Self-love means getting to know yourself first.


Do I have to love myself to have a relationship?

You can’t expect someone to love you unless you love yourself first. I hear this statement made many times. But you can't learn to love yourself until you understand yourself first and heal the wounds from your past. If you don't understand yourself and the unhelpful patterns we have adopted, and endlessly repeat.


Because we humans are wired for connection the desire to share our life with someone is normal, and in fact, being in a healthy relationship is good for our health, both emotionally and physical health. Research found that those in a happy marriage live longer than those who aren’t.

It makes sense really, because an unhappy relationship is likely to be stressful, and we know that stress reduces our immune system. Conversely, a healthy relationship boosts our immune system, as it activates endorphins, oxytocin and dopamine. (the Stress-busting hormones).

The biggest stumbling block to finding the right person and that happy relationship lies in past experiences.


It starts with your family and the experiences you had growing up.

Our experiences of relationships are formed by those modelled by others, usually our caregivers. Because that is all we have to go on. Whether it was happy or traumatic, that would have been our norm.


For example, if your mother was controlling (maybe due to unrecognised unhealed wounds in her life) you may have tried to do the right thing so as not to anger her, of provoking discourse, constantly trying to do the right thing to please her. As a result, you are likely to duplicate that behaviour in your life and your romantic relationships.


I use this as an example, as this was my own personal experience.

I felt I was always at fault, and that I was flawed. I always seemed to get things wrong, however hard I tried. But that meant I had to keep on trying to be what I thought she wanted me to be - whatever that was because she wouldn't tell me. That continued in the rest of my life, I felt I needed to be what I thought others wanted me to be, to be accepted.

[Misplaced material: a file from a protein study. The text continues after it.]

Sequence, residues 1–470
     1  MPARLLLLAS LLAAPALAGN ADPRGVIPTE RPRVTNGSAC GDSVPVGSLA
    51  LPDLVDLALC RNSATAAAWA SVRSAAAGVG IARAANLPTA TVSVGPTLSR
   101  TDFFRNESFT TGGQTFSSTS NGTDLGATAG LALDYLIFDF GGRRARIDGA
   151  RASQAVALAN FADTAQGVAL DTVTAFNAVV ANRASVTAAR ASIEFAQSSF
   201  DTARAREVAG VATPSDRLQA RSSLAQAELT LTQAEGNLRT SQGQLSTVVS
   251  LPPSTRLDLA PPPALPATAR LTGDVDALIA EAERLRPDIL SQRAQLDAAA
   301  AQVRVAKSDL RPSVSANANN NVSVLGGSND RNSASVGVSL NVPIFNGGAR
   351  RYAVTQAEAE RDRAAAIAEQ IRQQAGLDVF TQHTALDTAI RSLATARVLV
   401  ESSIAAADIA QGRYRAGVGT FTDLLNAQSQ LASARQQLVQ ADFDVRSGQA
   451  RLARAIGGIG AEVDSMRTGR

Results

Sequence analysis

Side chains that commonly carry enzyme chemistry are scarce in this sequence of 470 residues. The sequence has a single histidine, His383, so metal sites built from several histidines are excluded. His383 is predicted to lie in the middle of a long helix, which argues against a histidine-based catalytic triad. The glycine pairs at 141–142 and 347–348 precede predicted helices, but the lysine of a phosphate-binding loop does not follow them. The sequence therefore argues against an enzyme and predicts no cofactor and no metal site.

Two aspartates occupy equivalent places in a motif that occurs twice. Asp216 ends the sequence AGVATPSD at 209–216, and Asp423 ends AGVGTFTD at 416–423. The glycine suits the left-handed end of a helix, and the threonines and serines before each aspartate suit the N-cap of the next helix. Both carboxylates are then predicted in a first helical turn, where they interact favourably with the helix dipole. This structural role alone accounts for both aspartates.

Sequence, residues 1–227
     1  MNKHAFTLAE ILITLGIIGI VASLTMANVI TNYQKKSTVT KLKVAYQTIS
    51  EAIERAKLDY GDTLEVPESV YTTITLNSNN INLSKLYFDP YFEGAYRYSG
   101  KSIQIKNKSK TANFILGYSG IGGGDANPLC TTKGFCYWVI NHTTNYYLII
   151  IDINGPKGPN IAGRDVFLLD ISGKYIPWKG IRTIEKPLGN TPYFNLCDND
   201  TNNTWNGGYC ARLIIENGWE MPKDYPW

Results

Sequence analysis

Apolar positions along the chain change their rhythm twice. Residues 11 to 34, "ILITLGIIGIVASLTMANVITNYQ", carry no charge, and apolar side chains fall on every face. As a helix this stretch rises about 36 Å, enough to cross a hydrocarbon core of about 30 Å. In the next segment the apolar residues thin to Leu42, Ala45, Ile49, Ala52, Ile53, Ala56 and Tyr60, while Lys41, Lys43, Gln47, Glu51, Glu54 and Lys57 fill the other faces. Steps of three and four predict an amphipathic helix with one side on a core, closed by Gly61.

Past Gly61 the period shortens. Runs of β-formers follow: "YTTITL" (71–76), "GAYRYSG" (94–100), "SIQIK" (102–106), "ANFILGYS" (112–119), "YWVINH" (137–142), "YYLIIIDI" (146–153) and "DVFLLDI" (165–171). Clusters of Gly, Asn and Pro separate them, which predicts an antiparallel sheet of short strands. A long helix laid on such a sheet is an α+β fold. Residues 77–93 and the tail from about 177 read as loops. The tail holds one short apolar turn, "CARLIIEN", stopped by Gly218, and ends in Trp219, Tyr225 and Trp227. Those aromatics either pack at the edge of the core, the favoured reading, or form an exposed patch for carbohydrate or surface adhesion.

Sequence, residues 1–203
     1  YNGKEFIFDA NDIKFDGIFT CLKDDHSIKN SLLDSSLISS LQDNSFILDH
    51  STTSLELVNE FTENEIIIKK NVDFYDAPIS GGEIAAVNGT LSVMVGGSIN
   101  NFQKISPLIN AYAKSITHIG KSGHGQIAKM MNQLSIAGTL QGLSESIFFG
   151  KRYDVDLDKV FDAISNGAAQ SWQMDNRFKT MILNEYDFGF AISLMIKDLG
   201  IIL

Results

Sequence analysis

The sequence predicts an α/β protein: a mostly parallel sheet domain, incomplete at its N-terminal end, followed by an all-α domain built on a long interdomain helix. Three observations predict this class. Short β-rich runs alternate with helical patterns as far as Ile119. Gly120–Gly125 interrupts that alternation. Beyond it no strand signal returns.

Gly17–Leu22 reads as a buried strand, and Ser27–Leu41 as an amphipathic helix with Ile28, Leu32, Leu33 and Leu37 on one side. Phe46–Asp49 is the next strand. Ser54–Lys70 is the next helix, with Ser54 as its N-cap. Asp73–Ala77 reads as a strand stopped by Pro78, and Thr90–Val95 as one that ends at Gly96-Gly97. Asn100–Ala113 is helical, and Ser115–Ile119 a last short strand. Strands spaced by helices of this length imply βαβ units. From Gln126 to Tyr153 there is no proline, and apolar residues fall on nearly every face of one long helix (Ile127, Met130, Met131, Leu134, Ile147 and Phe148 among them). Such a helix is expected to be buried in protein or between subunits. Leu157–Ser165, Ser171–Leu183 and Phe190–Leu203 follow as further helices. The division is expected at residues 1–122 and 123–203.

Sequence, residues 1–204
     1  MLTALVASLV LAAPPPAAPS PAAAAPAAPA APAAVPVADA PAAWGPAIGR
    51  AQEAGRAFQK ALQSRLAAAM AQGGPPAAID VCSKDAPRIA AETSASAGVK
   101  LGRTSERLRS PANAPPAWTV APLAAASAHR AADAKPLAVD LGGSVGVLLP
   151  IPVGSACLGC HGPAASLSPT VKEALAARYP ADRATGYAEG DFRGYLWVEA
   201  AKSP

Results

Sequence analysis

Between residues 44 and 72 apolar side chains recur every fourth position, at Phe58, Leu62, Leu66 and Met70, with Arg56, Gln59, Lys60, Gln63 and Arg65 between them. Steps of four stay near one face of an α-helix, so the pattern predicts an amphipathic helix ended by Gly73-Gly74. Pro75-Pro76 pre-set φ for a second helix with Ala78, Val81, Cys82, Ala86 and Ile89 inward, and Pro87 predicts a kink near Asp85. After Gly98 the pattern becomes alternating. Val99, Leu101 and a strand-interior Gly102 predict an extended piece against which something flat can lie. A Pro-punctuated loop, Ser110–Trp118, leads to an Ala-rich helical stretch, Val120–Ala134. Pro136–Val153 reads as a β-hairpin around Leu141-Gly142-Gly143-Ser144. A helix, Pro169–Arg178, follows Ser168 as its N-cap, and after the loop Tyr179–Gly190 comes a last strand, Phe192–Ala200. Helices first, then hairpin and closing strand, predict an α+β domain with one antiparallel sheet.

As a result, I lost my true identity by spending wasted time and energy trying to be what I thought others wanted. I became a people pleaser. At the same time, I was very critical of others too. I wasn't very tolerant.


Effectively, I had taken on my mother’s unhealed wounds.



I had a distorted view of myself and others. I wanted to be loved and accepted, but at the same time, I had adopted my mother's critical, judgmental traits too.


How unhealed wounds affect romantic relationships



You are likely to continue believing that you are unloveable, holding the belief that you pick the bad guys, that all the good guys are taken is so often the pattern that continues, acting out of your awareness, until you start learning about yourself, and how the past patterns have coloured your adult relationships.


The story of one person

them all

One of my beautiful clients came to me, having experienced one disastrous relationship after another. She held the firm belief that she was always drawn to the bad guys, and that was all she deserved.

As a child, her parents divorced, and her father left them all. He used to take her out occasionally but often didn’t turn up. Whereas, he was more reliable with her brother and appeared to have a better relationship with him. Eventually, he stopped taking her out altogether. He remarried and put all his efforts into his new family. This led her to believe that wasn’t acceptable, and that all men behaved in that way to women.

So, she attracted the guys who had no respect for her, and she also played into it, by allowing them to treat her badly. She wanted to be loved so much, she would accept guys on their terms, any terms.

Instead of learning about herself, she launched into one relationship after another. When she found a guy who treated her well, she sabotaged it by ending it, before he did. Because that was what happened - if things were going well, it was too good to be true.

Your past doesn’t have to define your future.


Eventually, she came to me, and together we worked through her past unhealed wounds. Layer upon layer, we gently unpeeled the hurt from her past, and why she kept repeating the same unhealthy patterns. With that understanding, and healing she recognised she didn’t need to continue that same pattern. She realised that she was a truly loveable, worthwhile person, who didn’t have to bend herself out of shape to be loved, as she deserved.


Eventually, she came to me, and together we worked through her past unhealed wounds. Layer upon layer, we gently unpeeled the hurt from her past, and the reasons why she kept repeating the same unhealthy patterns. With that understanding, and taking time to heal herself, she recognised she didn’t need to continue that same pattern. She realised that she was a truly loveable, worthwhile person, who didn’t have to bend herself out of shape to be loved, as she deserved.


As a result, she has been able to let go of those old destructive patterns and is now in a healthy relationship. Of course, they hit bad patches, just as all couples do. But the difference is that they are able to work through them. They are in a healthy relationship, in which they are able, to be honest, and vulnerable. Able to share their fears and work through those difficulties together.


If any of this resounds with you, get in touch - info@wndycapewell.co.uk

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